Can’t See in The Dark? Ce6 Can Fix That!

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Biohackers at Science for the Masses found a way to inject Ce6 into the human eye to enable night vision. Hello, influx of wannabe superheroes and villains!
Biohackers at Science for the Masses found a way to inject Ce6 into the human eye to enable night vision. Hello, influx of wannabe superheroes and villains!

If you could have any superpower, what would it be? For me, it would be flight. Not in the same vein as Iron Man, who has to rely on a machine for his abilities, but more like Superman, who just has his powers built-in and always available.

Flight, though, even when it comes to gadget-fitted superheroes, isn’t as common as you would think. This could have to do with the fact that creators of these characters try to keep a human element to them so that we, the viewers, can better associate with them. However, science is actually catching up with the world of science fiction and although flight may be some time off, other enhancements are already here.

In Tehachapi, Calif., a group called Science for the Masses has found a way to inject Chlorin e6 (or Ce6) directly into the underside of the human eyeball, enabling night vision. The chemical needed for the process can be extracted from several deep-sea fish and is already being used as a method to treat night blindness, but it wasn’t until Gabriel Licina, a biohacker who injected himself with the serum, pushed the envelope, thus uncovering Ce6’s superhuman potential. According to accounts, Licina did not undergo any severe discomfort and for the most part seemed un-phased by the process.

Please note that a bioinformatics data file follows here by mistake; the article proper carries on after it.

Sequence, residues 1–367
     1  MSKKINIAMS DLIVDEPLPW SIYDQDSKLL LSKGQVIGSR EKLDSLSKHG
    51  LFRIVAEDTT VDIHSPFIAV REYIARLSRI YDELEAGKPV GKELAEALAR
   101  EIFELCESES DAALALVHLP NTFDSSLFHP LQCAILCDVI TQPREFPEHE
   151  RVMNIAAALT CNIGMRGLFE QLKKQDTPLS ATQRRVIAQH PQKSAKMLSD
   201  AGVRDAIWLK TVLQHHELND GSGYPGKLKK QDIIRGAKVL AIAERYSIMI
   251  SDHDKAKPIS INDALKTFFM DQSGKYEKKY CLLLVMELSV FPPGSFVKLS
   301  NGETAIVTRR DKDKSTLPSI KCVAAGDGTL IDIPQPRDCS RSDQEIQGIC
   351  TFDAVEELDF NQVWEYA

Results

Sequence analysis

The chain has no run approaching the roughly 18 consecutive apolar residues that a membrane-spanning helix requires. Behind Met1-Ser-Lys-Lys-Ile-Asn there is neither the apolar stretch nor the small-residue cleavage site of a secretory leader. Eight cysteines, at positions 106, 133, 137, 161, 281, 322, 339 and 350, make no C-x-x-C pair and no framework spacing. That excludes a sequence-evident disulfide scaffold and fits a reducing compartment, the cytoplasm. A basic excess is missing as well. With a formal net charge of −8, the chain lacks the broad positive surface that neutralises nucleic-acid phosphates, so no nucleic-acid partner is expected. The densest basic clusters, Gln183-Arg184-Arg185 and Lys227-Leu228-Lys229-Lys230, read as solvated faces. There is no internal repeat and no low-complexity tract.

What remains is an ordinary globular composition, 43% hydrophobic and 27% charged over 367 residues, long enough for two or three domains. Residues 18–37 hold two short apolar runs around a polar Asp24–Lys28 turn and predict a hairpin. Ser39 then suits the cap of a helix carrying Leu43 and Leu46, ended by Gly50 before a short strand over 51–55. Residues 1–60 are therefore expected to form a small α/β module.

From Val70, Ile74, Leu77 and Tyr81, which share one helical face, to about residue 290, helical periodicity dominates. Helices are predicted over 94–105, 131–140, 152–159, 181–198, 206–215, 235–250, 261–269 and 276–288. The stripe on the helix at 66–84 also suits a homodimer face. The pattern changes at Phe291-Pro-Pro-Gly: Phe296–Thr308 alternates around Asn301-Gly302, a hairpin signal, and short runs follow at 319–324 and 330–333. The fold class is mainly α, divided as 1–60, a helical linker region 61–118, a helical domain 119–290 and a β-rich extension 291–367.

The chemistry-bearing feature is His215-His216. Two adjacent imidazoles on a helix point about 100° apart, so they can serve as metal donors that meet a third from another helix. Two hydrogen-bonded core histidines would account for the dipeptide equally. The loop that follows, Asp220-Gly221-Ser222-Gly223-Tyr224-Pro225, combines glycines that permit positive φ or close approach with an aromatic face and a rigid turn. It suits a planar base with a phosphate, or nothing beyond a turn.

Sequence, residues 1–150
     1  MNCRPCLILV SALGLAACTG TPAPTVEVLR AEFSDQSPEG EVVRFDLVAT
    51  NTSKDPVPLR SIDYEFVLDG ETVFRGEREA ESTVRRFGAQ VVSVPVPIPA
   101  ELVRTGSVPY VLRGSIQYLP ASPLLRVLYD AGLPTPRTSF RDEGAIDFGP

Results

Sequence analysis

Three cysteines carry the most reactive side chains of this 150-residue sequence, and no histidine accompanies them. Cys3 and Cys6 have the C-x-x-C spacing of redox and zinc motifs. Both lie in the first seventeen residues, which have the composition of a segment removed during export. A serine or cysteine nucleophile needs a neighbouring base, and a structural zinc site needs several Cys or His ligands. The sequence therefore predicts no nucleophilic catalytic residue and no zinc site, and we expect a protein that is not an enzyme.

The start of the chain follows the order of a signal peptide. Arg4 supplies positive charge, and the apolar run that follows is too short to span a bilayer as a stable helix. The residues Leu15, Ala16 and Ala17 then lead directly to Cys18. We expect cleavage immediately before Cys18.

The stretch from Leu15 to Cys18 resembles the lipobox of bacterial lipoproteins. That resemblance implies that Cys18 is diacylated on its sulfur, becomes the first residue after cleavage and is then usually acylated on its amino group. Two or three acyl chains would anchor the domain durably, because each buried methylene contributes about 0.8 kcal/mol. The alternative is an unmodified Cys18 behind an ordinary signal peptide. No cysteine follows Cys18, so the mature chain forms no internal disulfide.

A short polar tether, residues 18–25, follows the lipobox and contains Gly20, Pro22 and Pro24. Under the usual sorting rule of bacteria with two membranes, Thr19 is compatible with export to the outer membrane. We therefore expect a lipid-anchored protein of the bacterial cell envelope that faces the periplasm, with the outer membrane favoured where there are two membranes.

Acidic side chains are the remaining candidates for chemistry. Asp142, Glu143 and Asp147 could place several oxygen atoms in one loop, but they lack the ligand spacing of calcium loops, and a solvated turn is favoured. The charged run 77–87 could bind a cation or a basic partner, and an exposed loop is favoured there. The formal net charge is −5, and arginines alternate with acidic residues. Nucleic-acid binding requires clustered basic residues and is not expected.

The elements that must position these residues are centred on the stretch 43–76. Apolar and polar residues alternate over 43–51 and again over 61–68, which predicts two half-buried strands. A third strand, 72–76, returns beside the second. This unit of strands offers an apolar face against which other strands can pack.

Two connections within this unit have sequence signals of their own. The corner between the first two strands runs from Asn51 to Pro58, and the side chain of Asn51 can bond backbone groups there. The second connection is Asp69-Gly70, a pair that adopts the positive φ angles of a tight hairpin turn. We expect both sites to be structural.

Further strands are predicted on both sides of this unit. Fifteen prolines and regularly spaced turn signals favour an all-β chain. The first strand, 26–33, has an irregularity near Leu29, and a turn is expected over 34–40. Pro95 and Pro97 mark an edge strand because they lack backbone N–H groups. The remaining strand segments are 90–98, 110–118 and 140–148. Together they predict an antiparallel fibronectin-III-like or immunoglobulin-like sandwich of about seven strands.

After administration of the drug, Licina was taken to a dark field where he was asked to identify objects from 10 meters to 50 meters away. Some of the subjects tried to blend into the environment, but Licina was able to identify all of his objectives at a rate of 100 percent. A control group of subjects who also had taken the test only had a 30 percent success rate under the same conditions. Being able to do anything 70 percent better than the next closest person is a huge accomplishment, but if that thing is seeing in the dark, the possibilities are endless!

So what does this mean for practical applications? Aside from the obvious medical and military go-tos, imagine the ’80s-style movies that would make a comeback! I can hear the trailer now: “This summer, you will laugh yourself blind when a group of teen boys get their hands on some Ce6 and sneak into the girl’s dorms after lights-out.” I would also assume there would be a spike in both vigilante and super-villain sightings as well. After all, there is no sense of creating comic book-type powers if there isn’t going to be real-life comic book-type characters taking advantage of them.

In all seriousness, though, there will assuredly need to be more testing before the masses are exposed to such a modern-day advancement, and with the current state of our FDA here in the States, there is no guarantee the common person will ever see the benefit of such a discovery. As the human race gets smarter, faster and stronger, it would seem that night vision is a suitable extension to our evolutionary scale, and although I am sure marketers will come up with a list of a ton of ever-growing applications for such a drug, for me, it would just be nice to make it to the bathroom in the middle of the night without stubbing my toe on the way there.

Tom Roarty is a contributing journalist for TheBlot Magazine

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